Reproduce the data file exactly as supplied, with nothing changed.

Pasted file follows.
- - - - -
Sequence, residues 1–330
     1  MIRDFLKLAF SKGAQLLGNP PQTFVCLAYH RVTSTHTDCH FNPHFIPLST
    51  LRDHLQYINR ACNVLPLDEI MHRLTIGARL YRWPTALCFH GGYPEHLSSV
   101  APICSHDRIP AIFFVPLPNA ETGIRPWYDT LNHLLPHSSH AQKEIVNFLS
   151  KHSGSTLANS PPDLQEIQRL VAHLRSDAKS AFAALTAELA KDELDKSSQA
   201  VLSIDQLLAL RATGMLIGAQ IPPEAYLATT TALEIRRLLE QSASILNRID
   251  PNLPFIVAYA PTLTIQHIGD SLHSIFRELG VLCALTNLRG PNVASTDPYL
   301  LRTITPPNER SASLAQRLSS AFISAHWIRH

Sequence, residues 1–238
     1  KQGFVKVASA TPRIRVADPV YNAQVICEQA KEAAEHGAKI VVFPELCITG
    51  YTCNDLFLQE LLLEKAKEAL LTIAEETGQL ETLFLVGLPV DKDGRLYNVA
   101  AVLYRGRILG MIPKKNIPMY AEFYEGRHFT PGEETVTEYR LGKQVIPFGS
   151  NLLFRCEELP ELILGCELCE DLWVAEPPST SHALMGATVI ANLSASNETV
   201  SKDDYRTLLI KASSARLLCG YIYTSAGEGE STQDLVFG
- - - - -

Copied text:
Sequence, residues 1–330
     1  MIRDFLKLAF SKGAQLLGNP PQTFVCLAYH RVTSTHTDCH FNPHFIPLST
    51  LRDHLQYINR ACNVLPLDEI MHRLTIGARL YRWPTALCFH GGYPEHLSSV
   101  APICSHDRIP AIFFVPLPNA ETGIRPWYDT LNHLLPHSSH AQKEIVNFLS
   151  KHSGSTLANS PPDLQEIQRL VAHLRSDAKS AFAALTAELA KDELDKSSQA
   201  VLSIDQLLAL RATGMLIGAQ IPPEAYLATT TALEIRRLLE QSASILNRID
   251  PNLPFIVAYA PTLTIQHIGD SLHSIFRELG VLCALTNLRG PNVASTDPYL
   301  LRTITPPNER SASLAQRLSS AFISAHWIRH

Sequence, residues 1–238
     1  KQGFVKVASA TPRIRVADPV YNAQVICEQA KEAAEHGAKI VVFPELCITG
    51  YTCNDLFLQE LLLEKAKEAL LTIAEETGQL ETLFLVGLPV DKDGRLYNVA
   101  AVLYRGRILG MIPKKNIPMY AEFYEGRHFT PGEETVTEYR LGKQVIPFGS
   151  NLLFRCEELP ELILGCELCE DLWVAEPPST SHALMGATVI ANLSASNETV
   201  SKDDYRTLLI KASSARLLCG YIYTSAGEGE STQDLVFG